12.
Brain Stimul ; 6(4): 631-40, 2013 Jul.
Artigo em Inglês | MEDLINE | ID: mdl-23122916

RESUMO

BACKGROUND: Major depressive disorder is a prevalent, disabling, and often chronic or recurrent psychiatric condition. About 35% of patients fail to respond to conventional treatment approaches and are considered to have treatment-resistant depression (TRD). OBJECTIVE: We compared the safety and effectiveness of different stimulation levels of adjunctive vagus nerve stimulation (VNS) therapy for the treatment of TRD. METHODS: In a multicenter, double blind study, 331 patients with TRD were randomized to one of three dose groups: LOW (0.25 mA current, 130 µs pulse width), MEDIUM (0.5-1.0 mA, 250 µs), or HIGH (1.25-1.5 mA, 250 µs). A highly treatment-resistant population (>97% had failed to respond to ≥6 previous treatments) was enrolled. Response and adverse effects were assessed for 22 weeks (end of acute phase), after which output current could be increased, if clinically warranted. Assessments then continued until Week 50 (end of long-term phase). RESULTS: VNS therapy was well tolerated. During the acute phase, all groups showed statistically significant improvement on the primary efficacy endpoint (change in Inventory of Depressive Symptomatology-Clinician Administered Version [IDS-C]), but not for any between-treatment group comparisons. In the long-term phase, mean change in IDS-C scores showed continued improvement. Post-hoc analyses demonstrated a statistically significant correlation between total charge delivered per day and decreasing depressive symptoms; and analysis of acute phase responders demonstrated significantly greater durability of response at MEDIUM and HIGH doses than at the LOW dose. CONCLUSIONS: TRD patients who received adjunctive VNS showed significant improvement at study endpoint compared with baseline, and the effect was durable over 1 year. Higher electrical dose parameters were associated with response durability.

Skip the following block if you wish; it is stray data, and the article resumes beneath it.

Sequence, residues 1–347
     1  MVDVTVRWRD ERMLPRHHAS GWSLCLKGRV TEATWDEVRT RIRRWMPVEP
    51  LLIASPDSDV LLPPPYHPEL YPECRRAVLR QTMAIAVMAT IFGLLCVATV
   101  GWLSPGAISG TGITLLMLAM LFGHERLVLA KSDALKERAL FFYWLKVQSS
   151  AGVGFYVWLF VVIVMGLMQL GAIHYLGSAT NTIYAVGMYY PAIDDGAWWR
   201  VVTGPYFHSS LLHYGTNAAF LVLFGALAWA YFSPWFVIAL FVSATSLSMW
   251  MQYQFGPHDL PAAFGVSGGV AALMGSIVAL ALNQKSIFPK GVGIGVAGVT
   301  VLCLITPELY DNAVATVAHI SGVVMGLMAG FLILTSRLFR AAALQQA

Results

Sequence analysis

Assuntos
Transtorno Depressivo Resistente a Tratamento/terapia , Estimulação do Nervo Vago/métodos , Adulto , Método Duplo-Cego , Feminino , Humanos , Masculino , Pessoa de Meia-Idade , Resultado do Tratamento , Estimulação do Nervo Vago/efeitos adversos
13.
J ECT ; 28(2): 98-103, 2012 Jun.
Artigo em Inglês | MEDLINE | ID: mdl-22551775

RESUMO